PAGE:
Two Weddings and... a Gluten Free Diet

#CoeliacWin

I have been thinking about how the life of a coeliac has improved in recent years. Having been diagnosed since 1976, I feel pretty certain of that. Someone diagnosed yesterday might disagree.

This improvement particularly struck me at a recent wedding, although the menu was similar there was a huge contrast to my worst wedding ever experience ten years previously. Where I had to argue every course, despite ringing ahead and identifying myself on arrival. Like entering a line-up for a crime against food. It started with the soup – croutons; I sent it back. Vegetables soaked in floury sauce – followed by the banqueting supervisor wanting to serve me the plain ones with a sauce covered spoon.

By desert I was exhausted and mortified. I was sharing a table with a group of people I didn’t know, having to explain a then not-so heard of disease. Do we really have to talk about my diarrhoea over dinner? The waitress, probably exhausted too, asked what desert I would like. No doubt I was on a kitchen blacklist at this point. To keep it simple, I asked for fruit salad, no cream, no ice-cream, just plain fruit salad. On returning from the ladies my husband informed me that he had to send it back.

‘You’re kidding.’

‘It came in a wafer basket.’

Yes things have improved. At my recent day out I waited for each course to be served with my usual baited breath. Would they get it right? Melon to start, a lazy gluten free option but having squeezed into a dress it was welcomed that day.  After some tasty crouton-free soup, the turkey and ham arrived without stuffing.  I’m too long diagnosed to really ‘get’ stuffing, so that was fine. The real win here was my very own gravy boat. Score for the coeliac. Unfortunately I ended up sharing it with the rest of the table. At least my food was not dry, a #CoeliacSin.

Fruit salad was again the alternative to the gluten-containing medley of deserts. No wafer  basket and not your usual lazy gluten free option. Blueberries, raspberries, passion fruit, apple and grapes – a fruity paradise in a bowl. Lovely, fresh, riotous-coloured fruit.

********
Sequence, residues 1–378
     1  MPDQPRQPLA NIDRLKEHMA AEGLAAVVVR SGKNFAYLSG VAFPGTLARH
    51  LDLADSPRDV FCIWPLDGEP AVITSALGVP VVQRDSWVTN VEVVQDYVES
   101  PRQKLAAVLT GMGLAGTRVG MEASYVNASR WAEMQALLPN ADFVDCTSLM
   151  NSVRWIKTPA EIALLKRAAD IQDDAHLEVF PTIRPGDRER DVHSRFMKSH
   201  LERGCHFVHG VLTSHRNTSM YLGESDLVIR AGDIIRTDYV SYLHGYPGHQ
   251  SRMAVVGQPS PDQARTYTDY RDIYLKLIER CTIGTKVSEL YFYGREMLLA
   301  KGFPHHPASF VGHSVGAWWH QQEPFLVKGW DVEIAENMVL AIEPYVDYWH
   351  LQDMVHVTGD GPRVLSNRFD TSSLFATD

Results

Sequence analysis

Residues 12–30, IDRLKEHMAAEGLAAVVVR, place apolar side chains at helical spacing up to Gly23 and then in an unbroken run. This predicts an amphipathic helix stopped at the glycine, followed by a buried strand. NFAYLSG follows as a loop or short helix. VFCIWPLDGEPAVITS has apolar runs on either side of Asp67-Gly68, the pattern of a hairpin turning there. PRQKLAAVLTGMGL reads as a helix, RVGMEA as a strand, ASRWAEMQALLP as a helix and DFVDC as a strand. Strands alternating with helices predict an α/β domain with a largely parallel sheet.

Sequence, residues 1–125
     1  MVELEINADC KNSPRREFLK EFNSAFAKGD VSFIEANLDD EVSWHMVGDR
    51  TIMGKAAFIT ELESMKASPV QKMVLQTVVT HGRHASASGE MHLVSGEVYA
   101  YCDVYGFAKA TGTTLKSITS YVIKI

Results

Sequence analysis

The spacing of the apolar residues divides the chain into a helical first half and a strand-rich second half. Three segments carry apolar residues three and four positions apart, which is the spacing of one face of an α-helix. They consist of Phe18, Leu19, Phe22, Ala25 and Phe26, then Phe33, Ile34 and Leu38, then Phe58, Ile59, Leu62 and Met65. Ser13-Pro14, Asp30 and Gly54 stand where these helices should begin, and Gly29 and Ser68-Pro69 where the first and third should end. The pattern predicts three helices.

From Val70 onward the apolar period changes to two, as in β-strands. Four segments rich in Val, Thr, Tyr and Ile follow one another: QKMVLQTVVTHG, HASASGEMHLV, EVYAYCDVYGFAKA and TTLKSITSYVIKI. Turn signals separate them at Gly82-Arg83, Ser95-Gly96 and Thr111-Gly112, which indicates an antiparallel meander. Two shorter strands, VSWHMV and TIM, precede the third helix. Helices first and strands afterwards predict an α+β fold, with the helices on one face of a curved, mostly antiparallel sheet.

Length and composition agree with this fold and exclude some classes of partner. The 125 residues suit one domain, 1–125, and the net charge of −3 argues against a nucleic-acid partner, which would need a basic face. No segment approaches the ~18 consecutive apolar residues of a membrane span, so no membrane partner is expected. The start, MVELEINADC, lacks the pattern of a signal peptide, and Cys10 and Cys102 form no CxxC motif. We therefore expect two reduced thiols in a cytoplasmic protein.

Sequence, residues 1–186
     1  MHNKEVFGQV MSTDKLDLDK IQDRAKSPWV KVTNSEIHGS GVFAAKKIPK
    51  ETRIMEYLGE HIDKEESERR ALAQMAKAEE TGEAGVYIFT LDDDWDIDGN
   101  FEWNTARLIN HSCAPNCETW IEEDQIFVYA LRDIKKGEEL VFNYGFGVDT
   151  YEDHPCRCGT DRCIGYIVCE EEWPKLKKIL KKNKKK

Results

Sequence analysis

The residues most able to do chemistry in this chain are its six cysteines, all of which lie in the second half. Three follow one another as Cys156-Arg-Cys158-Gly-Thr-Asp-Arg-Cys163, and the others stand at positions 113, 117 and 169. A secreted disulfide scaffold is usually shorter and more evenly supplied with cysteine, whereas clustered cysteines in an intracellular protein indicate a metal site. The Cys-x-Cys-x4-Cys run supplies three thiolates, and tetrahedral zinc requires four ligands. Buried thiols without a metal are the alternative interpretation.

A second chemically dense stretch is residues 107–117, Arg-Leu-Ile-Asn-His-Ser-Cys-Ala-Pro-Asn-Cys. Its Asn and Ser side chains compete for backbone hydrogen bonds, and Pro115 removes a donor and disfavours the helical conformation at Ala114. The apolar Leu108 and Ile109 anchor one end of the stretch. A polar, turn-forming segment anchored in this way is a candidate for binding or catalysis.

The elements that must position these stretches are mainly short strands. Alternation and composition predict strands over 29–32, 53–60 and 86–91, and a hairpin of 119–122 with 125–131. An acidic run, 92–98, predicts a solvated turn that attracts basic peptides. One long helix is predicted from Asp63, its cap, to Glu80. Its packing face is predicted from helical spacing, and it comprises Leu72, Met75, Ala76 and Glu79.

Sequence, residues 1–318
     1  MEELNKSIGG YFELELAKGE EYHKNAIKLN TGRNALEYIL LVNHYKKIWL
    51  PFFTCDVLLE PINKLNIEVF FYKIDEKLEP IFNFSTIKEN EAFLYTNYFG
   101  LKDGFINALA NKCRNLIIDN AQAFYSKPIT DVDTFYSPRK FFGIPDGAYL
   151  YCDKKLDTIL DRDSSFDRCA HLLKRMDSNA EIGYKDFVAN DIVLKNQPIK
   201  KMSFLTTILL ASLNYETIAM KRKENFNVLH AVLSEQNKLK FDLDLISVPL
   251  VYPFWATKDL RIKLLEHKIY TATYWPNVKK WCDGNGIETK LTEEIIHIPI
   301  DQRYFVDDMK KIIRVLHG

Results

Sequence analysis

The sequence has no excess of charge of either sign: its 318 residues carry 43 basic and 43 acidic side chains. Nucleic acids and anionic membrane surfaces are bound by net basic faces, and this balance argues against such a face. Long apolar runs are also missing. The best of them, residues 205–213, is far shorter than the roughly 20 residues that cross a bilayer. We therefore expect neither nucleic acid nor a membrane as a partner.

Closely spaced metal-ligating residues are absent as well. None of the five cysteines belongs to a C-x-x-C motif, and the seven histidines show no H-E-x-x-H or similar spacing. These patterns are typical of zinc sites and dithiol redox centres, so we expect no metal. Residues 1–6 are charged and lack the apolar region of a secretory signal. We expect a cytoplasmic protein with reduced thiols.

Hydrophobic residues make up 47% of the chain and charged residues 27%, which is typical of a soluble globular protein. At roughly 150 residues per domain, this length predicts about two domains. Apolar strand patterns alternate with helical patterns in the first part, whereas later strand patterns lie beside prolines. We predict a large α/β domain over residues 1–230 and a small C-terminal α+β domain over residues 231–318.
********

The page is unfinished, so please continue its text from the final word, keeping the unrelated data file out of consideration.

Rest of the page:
Later, the hotel served sausages and sandwiches, but I had some back-up snacks in the room for that poor-me moment. There have been weddings where I have held onto chunks of meat or roast potato in a napkin. Nothing worse than sitting with pursed lips while everyone else has the munchies.

Weddings, or rather hotels and chefs, have hugely upped their game when it comes to gluten-free dining. As the ever-present fad gluten-free dieters (why would you be bother unless you really have to?) can muddy the waters, it is essential to enunciate ‘I’m a coeliac’. It impresses that you have a medical need for your diet as opposed to a choice.

It’s useful to contact the hotel beforehand, in case dietary requirements aren’t top of the bride’s to-do list. On the day, on arriving at the banqueting room, have a quiet word with whoever looks most official on duty. Create a sense of importance about your gluten free diet that should be carried through to every aspect of the meal.

Times have changed, thank heaven. Mistakes happen, which is human nature. But it is no longer the bullfighting, round by round effort to enjoy eating out. I am no longer filled with the same social occasion dread of years past. Food is life, life is to be lived. Being coeliac does not have to be the death of good times.

Thanks to those in hospitality who recognise the needs of the growing number of people with coeliac disease, and to those in the Coeliac Society of Ireland, who have tirelessly educated about the nitty-gritty of providing a gluten-free diet.